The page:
Senior management would play a big role in that their buy-in and cooperation would be necessary for the changes that need to be made in the organization’s standard operating procedures and business processes, which would in turn be needed for the proper implementation of an information system (“Chapter 3,” n.d.). These changes will also likely be met with political resistance from the different areas of the organization and so senior management’s role in preventing and resolving these conflicts would be important.
In the same manner, the implementation of an information system would introduce some changes in organizational culture, and senior management’s support would be needed for guiding this initiative. Even when the organization’s culture doesn’t adapt to the change right away, it would be senior management’s role to gradually introduce or effect this change after the information system has been implemented.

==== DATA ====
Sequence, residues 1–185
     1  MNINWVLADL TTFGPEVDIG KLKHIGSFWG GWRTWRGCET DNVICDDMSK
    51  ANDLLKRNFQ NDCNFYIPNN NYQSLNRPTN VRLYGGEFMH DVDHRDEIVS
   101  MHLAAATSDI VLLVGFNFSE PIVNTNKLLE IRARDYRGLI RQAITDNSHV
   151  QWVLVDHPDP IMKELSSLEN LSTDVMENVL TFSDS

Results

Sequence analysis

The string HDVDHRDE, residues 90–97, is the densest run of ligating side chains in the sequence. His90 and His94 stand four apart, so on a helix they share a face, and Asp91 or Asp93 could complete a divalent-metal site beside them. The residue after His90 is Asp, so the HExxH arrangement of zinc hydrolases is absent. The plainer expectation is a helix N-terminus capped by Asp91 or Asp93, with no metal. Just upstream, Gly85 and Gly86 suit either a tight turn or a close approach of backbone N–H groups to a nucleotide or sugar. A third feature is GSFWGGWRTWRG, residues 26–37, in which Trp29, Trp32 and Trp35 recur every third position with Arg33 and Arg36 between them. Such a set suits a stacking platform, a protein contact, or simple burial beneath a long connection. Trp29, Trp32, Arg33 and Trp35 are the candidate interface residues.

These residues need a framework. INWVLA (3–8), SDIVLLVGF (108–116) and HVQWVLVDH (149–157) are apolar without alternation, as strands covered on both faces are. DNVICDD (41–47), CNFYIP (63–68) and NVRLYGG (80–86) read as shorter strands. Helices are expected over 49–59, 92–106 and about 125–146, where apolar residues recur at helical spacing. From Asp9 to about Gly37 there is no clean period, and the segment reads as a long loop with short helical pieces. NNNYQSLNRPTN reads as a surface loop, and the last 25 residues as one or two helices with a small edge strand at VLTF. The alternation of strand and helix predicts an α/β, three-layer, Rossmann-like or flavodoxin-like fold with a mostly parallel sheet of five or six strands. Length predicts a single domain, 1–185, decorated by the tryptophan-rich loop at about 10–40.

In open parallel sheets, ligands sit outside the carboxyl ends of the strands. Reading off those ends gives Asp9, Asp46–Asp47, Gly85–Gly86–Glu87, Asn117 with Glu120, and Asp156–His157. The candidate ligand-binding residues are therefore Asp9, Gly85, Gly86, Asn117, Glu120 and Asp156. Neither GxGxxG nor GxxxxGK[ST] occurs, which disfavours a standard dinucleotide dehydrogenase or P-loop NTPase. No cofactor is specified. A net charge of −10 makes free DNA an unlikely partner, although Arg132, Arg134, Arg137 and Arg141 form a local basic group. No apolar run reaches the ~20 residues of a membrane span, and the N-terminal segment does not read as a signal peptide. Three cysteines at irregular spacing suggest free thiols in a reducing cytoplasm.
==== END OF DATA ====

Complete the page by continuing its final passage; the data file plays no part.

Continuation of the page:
As well, it is senior management’s role to ensure that the implementation of the information system would abide by any regulations or policies that may apply to them and that the system is capable of adapting to possible future changes in these polices. Moreover, senior management should ensure that the organization has enough resources to cover for any problems that may be encountered during the system’s implementation, examples of which can include system downtimes or the lack of IT resources. Similarly, senior management should ensure that it has enough resources to enable the members of the organization to adapt to the many organizational changes that will result from the system implementation.